Letters for the Week of July 31 

Readers sound off on BART financing, Berkeley's minimum wage increase, and more.

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Last week, one hundred community members, low-wage workers, and friends rallied in downtown Berkeley and marched to the Labor Commission meeting to encourage the Berkeley City Council to continue on its high-road path in raising the minimum wage. Please join our efforts. You can contact us at RaisetheWageEB.org.

Nicky Gonzalez Yuen

Founder, Raise the Wage East Bay; chair of the political science department at De Anza College; steering committee member for the San Jose Minimum Wage Campaign; elected trustee of the Peralta Community College District


"No Accountability," Seven Days, 7/10

Drop in the Bucket

Restore public confidence in local government by censuring Desley Brooks?

Nope.

Censuring Brooks is a mere drop in the deep bucket of actions required in Oakland's City Hall to build some public confidence. How about councilmembers and the mayor actually telling the truth, just occasionally, about Oakland's multitude of serious problems?

Mike Ferro, Oakland

Blame Voters

Can't blame the city council for the failure of the Alameda County DA to back up her own grand jury.

You can blame the Oakland voters who consistently robo-vote for whomever the power brokers put up for district attorney. And the voters here, unlike those of other Alameda County cities, don't bother to even send complaints to the county.

The DA's office seems to consider Oakland to be too ghetto to waste its limited resources on.

Leonard Raphael, Oakland


"BART's Lead Negotiator Has a History of Illegal Behavior," News, 7/10

Why Hire a Mercenary?

Surrounding [Thomas] Hock at the bargaining table is a bunch of attorneys that are on BART's payroll, as well as support staff. I think the question needs to be asked is if BART has all these "labor relations" folks on staff, why do they need to go outside and hire this mercenary at the public's expense?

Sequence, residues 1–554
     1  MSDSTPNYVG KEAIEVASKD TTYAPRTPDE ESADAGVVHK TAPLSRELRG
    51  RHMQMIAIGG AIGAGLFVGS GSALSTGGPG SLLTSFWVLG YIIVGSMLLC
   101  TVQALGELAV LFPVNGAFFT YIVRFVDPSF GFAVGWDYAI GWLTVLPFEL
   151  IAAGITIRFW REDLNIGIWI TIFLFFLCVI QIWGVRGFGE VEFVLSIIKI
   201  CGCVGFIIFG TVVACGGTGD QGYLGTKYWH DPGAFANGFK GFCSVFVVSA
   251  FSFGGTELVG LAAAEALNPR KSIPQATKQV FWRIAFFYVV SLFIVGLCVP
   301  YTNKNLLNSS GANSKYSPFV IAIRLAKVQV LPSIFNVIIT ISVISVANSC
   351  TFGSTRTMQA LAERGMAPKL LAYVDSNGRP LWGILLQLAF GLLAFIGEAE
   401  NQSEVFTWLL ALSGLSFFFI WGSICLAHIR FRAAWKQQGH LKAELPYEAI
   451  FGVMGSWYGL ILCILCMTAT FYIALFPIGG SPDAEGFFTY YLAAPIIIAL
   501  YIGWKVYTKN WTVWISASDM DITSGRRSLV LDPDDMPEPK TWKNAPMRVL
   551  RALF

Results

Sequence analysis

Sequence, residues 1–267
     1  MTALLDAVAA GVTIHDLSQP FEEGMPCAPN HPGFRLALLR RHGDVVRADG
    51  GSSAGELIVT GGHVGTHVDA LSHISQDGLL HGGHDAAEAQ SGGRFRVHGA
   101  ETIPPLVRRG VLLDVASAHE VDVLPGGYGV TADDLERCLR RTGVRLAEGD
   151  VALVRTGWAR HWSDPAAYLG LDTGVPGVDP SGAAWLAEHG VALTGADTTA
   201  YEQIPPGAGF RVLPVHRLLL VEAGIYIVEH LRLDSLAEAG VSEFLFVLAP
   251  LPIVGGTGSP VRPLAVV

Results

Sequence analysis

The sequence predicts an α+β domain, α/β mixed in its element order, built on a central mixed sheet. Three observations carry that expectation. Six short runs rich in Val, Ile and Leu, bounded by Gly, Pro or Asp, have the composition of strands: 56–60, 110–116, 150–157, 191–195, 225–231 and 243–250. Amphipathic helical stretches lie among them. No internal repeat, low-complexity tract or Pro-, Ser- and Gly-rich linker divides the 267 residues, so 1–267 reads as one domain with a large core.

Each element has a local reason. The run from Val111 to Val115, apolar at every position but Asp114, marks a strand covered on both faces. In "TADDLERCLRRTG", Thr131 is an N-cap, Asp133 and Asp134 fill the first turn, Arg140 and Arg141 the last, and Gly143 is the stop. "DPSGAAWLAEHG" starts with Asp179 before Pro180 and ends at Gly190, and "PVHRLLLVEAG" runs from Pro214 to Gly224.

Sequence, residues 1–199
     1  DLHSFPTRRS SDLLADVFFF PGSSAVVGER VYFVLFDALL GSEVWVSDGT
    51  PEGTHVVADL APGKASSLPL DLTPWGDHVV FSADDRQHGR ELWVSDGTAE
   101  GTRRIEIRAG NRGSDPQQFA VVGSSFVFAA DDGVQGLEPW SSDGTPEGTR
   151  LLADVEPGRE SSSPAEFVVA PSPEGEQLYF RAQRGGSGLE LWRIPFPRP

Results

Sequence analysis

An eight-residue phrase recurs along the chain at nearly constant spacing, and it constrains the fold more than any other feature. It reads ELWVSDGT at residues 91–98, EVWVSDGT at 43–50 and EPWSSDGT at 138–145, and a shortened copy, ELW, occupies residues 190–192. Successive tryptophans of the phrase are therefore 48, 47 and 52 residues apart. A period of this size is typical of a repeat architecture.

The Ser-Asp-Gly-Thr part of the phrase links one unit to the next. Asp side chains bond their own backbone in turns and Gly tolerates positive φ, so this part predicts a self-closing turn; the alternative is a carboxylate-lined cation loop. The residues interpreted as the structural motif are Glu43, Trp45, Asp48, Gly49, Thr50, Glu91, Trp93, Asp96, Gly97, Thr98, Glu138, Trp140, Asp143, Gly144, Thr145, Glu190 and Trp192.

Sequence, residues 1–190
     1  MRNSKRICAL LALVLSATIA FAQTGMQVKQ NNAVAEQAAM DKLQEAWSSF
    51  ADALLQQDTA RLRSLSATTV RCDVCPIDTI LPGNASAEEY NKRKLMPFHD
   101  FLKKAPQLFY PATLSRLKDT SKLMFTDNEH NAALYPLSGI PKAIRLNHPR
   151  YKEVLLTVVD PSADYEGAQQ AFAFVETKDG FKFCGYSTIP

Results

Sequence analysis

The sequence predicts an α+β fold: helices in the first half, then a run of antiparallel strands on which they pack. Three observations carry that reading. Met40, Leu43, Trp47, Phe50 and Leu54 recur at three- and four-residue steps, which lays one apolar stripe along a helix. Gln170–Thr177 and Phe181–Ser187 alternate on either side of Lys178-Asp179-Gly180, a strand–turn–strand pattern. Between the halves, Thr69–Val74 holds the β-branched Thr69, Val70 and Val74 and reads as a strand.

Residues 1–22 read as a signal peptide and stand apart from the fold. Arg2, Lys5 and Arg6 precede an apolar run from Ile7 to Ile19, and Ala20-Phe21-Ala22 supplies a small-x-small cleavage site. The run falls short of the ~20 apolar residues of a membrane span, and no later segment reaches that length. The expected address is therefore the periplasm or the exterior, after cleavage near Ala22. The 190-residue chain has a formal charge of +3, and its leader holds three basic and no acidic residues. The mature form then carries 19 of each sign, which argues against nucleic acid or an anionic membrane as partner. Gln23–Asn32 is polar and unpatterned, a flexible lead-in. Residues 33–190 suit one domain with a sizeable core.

Another question that needs to be asked is whether Hock is acting as BART's attorney or a consultant? In many instances, these corporate mercenaries act as consultants so they can avoid any ethics violations put forward by the state bar association.

Donny Johnson, Oakland


"Not So Simple," Letters, 6/26

Absurd Position

Thanks for publishing the June 26 letter from Norman La Force (Sierra Club East Bay Public Lands chair), endorsing the clear-cutting of eucalyptus trees from our hills. Okay, so it's Sierra Club versus trees.

Here's the dilemma for the club's Bay Area members (I've been one for twenty years): Support the club's great national work from its birthplace, and your dues subsidize a local chapter that regularly takes absurd positions on behalf of "the Sierra Club."

The club rules say that upon renewal, we can assign ourselves to a chapter elsewhere. I'm thinking Sierrans in some place like Texas could use my dues to fight real, sensible battles?

Marcia Lau, Berkeley


"Is First Fridays Good for Art Galleries?" News, 6/26

Where's the Copy Editor?

Is good grammar still important?

John Betterton, Oakland


Miscellaneous Letters

Bay Area Rapid Transit Strike Prevention Poem #2

Punishing the innocent, who believe in humanity,

who have structured their lives around transit they trust,

is an act of cruelty, selfish and mean,

however vehement your hungering lust.

You might gain more, but you make so much more,

than the employees you represent,

so if you're not making pay during strike,

you're not the one whom to hell will be sent,

so pretend you're a modern day Robin Hood,

justified to strong-arm from the rich,

What if your own heart followed example,

and decided to stop, because of a glitch?

W. Joseph Stegner, Jr., San Leandro

Corrections

Our July 24 news story, "City Officials Under Fire," erroneously stated that deputy city attorney Rocio Fierro had advised Anne Campbell Washington to kick Don Anders out of the meeting about OPD's troubled radio system. According to Campbell Washington, Fierro did not advise her on the matter.

Our July 24 cover story, "False Witness," inaccurately stated that the California Innocence Project helped exonerate Johnny Williams and Ronald Ross. It was actually the Northern California Innocence Project — which, it should be noted, is not a branch of the California Innocence Project but its own independent entity — that helped exonerate the men. In addition, it was a nine-year-old girl, not a six-year-old girl, who made the false ID that helped convict Williams.

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